It’s the time of year when the summer flowers are slowing down and there might not be as much color in the perennial garden as there was a few weeks ago. Now’s the time to take stock of your garden and see if you can add some season extending color into the landscape. There’s no need to just see green, add a few of the fall divas for fall drama.
We’re all familiar with traditional flowers associated with the late summer/fall garden. Perennials like Blackeyed Susan (Rudbeckia), Coreopsis, Gaillardia, Asters and Mums all deserve a spot in the garden to bring flowers when the rest of garden is winding down. They bring gold and russet colors, as well as purples and lavenders, that combine to enrich the fall pallet of changing leaves. These are all garden work horses and will flower until, and even after, the first frost.
Other perennials to consider that bloom through fall are hummingbird mints (Agastache sp.) and red birds in a tree (Scrophularia macrantha). Both plants are hummingbird favorites and help to keep them fed until they migrate south in the fall. They are also deer and rabbit-resistant, require well-drained soil, and will flower best when planted in full sun. Hummingbird mints flower in oranges and pinks and offer aromatic leaves that smell like root beer or licorice, depending on your nose. Red birds in a tree offers little red flowers that look like little birds sitting in a tree and can become quite a large specimen, growing up to three-to-four feet tall.
If you want to add something different, some garden gems with delicate flowers that seem to magically appear like shimmering jewels among the late season garden, try fall flowering bulbs. We tend to associate planting bulbs in the fall with having to wait until spring for blooms, as with tulips and daffodils. But there are a few varieties that are planted in the fall and flower shortly after planting. Bulbs in general are well worth adding to the garden, whether fall or spring blooming; they are easy to plant, are tough and durable, and provide a lot of color without a lot of expense. Fall blooming bulbs produce their leaves in the spring, go dormant in the summer and then send their flowers up in the fall. Bulbs need to be planted right after getting them, and they’ll produce flowers four-to-six weeks later. Generally, these bulbs are offered before other spring flowering bulbs like tulips and daffodils so check with us to see if they’re available yet.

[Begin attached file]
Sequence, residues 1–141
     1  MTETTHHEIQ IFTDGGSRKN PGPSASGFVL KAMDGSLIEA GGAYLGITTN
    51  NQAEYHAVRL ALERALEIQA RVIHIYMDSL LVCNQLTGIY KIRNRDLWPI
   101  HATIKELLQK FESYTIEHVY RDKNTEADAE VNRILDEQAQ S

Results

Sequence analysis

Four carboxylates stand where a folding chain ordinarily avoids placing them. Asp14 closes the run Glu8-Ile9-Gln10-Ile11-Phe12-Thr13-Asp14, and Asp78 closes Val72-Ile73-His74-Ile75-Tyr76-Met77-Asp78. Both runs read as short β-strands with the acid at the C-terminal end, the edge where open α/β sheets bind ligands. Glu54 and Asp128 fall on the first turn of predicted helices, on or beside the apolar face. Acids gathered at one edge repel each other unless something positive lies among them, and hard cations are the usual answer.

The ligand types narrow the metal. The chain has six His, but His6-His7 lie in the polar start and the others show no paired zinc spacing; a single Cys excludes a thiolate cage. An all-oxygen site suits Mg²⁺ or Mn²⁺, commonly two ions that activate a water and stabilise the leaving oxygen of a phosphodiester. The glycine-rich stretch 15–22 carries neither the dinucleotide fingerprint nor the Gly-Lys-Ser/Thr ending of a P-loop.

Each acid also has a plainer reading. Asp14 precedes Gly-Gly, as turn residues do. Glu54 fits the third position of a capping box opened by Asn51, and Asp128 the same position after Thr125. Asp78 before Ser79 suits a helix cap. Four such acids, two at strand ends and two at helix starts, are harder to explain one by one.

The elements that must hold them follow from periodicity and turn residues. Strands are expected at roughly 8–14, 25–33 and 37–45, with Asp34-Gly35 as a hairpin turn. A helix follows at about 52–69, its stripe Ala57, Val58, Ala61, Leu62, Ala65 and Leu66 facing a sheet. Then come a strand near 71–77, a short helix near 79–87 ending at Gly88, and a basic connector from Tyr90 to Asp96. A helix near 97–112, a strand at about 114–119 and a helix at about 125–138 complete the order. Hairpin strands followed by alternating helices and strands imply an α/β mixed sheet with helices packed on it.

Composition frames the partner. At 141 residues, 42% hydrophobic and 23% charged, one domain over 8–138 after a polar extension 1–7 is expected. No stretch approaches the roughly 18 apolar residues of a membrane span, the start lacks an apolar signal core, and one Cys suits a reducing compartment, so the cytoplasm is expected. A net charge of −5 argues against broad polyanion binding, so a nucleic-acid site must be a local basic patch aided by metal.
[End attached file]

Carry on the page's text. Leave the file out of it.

Some to consider are the autumn or saffron crocus (Crocus sativus). Producing iridescent purple flowers with bright orange stigmas, these flowers are the source for the Mediterranean spice saffron. Known as one of the most expensive herbs, the yellow stigmas of the flowers are hand plucked from each flower and dried. It takes hundreds of flowers to produce a commercially viable amount, which explains its expense. For the home gardener, a couple dozen bulbs can provide enough saffron to make a few quality dishes. Visit our website for instructions on how to harvest saffron.
Colchicums are another fall flowering bulb well worth planting anywhere there’s open ground and part sun. There are different varieties, but waterlily is a favorite, named for its large double flowers that resemble water lilies in form and size. They are purplish pink and have a silky texture to them, contrasting beautifully with the golds of fall. They require a well-drained soil and consistent moisture through the summer while their leaves are out.
Of course, flowers aren’t the only things that add color to the fall landscape. Consider adding shrubs that offer beautiful fall color as their leaves begin to change. Dwarf burning bush (Euonymus alatus ‘Compactus’), as its name implies, is grown for its intense red fall color that sets the landscape on fire in fall. Its mounded growing habit features green leaves spring through summer, corky stems that add some winter interest, and deer-resistance. Other shrubs to consider for spectacular fall color are Sumacs, Viburnums and Serviceberries.